Partner, HRA Laureate Jozef addresses U.N. about human rights abuses to Black migrants
On Tuesday, Aug. 9, Robert F. Kennedy Human Rights’ Human Rights Award laureate Guerline Jozef, co-founder and executive director of the Haitian Bridge Alliance, addressed the United Nations’ Committee on the Elimination of Racial Discrimination, one of the few international human rights treaties the country has signed on to.
A key partner, Jozef presented evidence of human rights abuses committed against Black migrants and responded to the July 2022 Del Rio internal investigation report from Customs and Border Patrol (CBP), which did not capture the whole story of what took place.
Below are her remarks, which have been edited for brevity:
“First, I would like to have a moment of silence to acknowledge the lives lost during the journey – at the Darien gap, at the US-Mexico border, at sea – while trying to find safety in the US and in Europe.
We want to thank the Representative of the Secretariat, Wan-Hea Lee for her acknowledgment of the various human rights issues impacting our immigrant communities worldwide, exacerbated by the Covid 19 pandemic, including pushbacks, and collective expulsions, criminalization, and non-refoulement.
My name is Guerline Jozef, I am the Executive Director and co-founder of the Haitian Bridge Alliance. Haitian Bridge Alliance, the only Black-led organization based at the US-Mexico border, provides legal and humanitarian services to thousands of Black migrants a year. I came to this work in 2015 after I received a call from someone who told me that we have Haitians at the border, since you are Haitian come take care of your people. I also co-founded the only Black Immigrants Bond Fund and the Cameroon Advocacy Network.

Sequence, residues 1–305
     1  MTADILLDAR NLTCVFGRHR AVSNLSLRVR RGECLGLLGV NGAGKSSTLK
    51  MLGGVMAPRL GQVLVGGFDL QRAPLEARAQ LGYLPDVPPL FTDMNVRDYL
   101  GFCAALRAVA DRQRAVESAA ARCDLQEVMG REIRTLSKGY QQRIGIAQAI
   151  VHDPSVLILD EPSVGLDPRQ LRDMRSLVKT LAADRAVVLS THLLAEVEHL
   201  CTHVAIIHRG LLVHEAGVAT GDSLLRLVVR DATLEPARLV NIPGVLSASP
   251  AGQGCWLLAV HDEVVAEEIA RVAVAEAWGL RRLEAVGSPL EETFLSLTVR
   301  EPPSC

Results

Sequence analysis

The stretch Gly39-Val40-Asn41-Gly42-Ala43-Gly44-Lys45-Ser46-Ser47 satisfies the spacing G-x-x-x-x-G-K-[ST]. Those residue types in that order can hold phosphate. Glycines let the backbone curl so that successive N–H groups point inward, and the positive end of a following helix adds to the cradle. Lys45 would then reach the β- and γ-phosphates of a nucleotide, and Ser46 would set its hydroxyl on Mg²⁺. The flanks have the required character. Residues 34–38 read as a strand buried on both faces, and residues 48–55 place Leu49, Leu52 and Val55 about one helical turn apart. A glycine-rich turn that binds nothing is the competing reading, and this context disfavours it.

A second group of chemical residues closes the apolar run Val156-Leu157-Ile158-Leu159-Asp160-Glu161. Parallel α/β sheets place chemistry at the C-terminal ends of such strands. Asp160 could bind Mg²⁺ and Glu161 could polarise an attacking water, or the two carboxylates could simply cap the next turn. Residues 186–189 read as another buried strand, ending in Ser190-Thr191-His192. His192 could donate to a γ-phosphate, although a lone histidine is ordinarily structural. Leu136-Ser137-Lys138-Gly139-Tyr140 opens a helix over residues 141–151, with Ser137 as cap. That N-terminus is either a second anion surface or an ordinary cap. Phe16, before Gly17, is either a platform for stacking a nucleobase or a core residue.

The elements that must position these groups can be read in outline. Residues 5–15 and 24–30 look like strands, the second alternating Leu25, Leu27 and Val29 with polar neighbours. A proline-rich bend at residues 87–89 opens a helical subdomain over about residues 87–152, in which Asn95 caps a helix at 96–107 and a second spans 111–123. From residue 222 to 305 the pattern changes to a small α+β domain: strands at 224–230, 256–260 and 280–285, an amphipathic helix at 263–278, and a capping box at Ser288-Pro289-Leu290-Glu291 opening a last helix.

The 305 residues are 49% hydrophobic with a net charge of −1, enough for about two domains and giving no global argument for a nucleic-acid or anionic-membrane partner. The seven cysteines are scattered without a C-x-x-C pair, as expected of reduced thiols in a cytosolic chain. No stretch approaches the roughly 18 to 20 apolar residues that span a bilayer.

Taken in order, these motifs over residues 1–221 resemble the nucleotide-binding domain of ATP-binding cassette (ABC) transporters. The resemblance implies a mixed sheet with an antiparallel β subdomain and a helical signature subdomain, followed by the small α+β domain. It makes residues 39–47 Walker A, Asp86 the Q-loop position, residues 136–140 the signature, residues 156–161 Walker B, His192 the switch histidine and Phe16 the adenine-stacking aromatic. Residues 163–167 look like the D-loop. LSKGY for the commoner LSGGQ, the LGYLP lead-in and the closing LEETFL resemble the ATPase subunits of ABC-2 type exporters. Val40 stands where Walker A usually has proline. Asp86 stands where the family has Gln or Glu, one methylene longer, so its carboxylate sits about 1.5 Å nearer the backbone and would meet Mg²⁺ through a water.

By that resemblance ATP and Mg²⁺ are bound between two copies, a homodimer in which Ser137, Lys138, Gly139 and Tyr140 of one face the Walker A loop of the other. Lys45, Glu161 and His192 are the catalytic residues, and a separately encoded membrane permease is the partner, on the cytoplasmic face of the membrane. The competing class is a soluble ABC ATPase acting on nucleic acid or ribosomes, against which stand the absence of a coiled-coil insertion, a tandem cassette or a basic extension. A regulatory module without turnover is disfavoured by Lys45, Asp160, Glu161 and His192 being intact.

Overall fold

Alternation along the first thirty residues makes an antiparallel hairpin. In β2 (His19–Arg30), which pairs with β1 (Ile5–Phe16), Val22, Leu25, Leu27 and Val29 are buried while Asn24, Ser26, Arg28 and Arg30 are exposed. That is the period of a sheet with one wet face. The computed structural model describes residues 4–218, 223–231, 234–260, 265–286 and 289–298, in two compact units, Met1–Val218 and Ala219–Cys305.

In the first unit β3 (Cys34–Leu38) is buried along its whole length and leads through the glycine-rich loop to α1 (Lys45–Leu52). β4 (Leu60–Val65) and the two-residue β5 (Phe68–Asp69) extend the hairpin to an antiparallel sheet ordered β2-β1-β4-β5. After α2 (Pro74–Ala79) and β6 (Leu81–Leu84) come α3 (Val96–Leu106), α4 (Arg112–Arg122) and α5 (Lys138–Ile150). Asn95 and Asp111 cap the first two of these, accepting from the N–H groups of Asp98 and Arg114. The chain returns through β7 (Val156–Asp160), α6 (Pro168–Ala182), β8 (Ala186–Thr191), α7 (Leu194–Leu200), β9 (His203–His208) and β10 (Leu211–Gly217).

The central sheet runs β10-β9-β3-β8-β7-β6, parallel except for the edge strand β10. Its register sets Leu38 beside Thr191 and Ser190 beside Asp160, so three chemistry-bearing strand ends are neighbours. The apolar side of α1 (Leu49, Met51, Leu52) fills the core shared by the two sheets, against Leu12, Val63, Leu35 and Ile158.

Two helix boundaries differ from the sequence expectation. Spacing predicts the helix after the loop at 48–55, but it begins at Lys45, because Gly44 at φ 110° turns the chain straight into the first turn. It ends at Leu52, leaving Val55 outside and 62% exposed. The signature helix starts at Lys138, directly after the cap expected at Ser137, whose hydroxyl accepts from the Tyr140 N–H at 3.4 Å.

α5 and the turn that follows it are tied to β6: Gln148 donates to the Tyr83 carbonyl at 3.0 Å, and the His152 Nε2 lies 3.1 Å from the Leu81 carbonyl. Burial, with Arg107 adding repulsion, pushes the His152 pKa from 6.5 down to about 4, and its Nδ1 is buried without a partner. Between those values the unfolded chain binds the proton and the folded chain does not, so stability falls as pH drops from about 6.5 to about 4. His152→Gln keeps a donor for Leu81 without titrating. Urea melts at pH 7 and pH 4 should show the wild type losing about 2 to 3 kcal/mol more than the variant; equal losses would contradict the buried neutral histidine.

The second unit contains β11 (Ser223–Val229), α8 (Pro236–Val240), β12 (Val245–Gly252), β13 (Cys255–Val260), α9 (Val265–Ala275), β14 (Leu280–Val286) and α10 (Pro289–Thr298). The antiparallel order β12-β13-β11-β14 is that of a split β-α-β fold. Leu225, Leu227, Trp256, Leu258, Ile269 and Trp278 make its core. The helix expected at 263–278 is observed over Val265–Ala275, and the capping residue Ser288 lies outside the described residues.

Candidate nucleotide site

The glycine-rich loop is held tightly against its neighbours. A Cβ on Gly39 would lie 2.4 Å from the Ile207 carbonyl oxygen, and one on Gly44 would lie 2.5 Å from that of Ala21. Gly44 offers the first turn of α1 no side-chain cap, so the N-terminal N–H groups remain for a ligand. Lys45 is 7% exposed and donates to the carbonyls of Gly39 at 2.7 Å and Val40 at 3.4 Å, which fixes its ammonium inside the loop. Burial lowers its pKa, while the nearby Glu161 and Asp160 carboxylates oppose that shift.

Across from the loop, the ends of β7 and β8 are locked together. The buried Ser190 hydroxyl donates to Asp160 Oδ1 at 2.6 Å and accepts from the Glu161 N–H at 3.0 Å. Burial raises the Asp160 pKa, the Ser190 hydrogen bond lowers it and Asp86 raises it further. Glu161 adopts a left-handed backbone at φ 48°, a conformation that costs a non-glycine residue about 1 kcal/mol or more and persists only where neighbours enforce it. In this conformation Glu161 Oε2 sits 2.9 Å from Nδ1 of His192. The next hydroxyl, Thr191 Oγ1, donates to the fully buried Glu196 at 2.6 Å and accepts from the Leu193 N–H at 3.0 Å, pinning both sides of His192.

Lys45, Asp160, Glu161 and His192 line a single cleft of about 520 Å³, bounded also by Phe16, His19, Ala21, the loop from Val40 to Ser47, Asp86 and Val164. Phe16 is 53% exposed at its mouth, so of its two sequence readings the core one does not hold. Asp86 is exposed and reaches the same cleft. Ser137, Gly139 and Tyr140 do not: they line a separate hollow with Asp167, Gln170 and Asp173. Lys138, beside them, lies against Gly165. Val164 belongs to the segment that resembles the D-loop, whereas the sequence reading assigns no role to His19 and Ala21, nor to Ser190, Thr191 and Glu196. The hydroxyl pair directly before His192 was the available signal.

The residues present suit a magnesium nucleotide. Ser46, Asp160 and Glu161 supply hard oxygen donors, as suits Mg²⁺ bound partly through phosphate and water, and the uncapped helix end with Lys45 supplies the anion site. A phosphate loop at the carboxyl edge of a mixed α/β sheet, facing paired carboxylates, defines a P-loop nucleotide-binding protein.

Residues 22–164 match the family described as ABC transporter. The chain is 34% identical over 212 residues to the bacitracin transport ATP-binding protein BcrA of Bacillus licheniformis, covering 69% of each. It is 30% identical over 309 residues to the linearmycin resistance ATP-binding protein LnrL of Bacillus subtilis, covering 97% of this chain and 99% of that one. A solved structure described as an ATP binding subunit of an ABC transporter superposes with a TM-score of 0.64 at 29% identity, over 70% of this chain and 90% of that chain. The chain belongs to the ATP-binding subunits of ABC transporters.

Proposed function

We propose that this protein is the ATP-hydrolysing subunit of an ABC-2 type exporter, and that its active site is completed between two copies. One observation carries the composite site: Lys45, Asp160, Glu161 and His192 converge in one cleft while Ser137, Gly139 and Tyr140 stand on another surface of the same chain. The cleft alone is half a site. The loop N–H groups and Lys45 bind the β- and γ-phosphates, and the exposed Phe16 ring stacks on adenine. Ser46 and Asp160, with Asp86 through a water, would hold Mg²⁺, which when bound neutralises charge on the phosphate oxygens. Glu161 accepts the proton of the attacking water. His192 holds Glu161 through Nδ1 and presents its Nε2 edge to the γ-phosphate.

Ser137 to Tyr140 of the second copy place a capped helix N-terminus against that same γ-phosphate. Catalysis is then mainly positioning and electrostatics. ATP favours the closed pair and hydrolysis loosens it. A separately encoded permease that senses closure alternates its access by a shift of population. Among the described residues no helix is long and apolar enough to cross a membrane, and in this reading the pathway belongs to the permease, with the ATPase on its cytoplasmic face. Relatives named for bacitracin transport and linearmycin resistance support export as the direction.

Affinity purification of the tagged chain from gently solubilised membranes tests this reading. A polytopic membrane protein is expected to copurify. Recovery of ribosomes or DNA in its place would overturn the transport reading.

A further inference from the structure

Our statement today is on behalf of a coalition of organizations, including Human Rights First, RAICES, BAJI, Communities United for Status and Protection and Robert F. Kennedy Human Rights, and is endorsed by many organizations.
The US has implemented a series of policies at its borders that disparately impact and violate the human rights of non-white asylum seekers, particularly individuals from Black-majority countries such as Haiti.
Local, state, and federal officials have repeatedly used the rhetoric of the white supremacist “great replacement” conspiracy theory to characterize non-citizens at the US-Mexico border, describing the arrival of Haitians as an “invasion.”
In September 2021, a photo went viral of Mirard Joseph, a Haitian asylum seeker who was being chased and lashed at by an armed border patrol officer on horseback at the border. The image captured international media attention as a stark callback to the US’s legacy of slavery and racism.
Mr. Joseph was one of at least 15,000 asylum seekers, overwhelmingly Haiti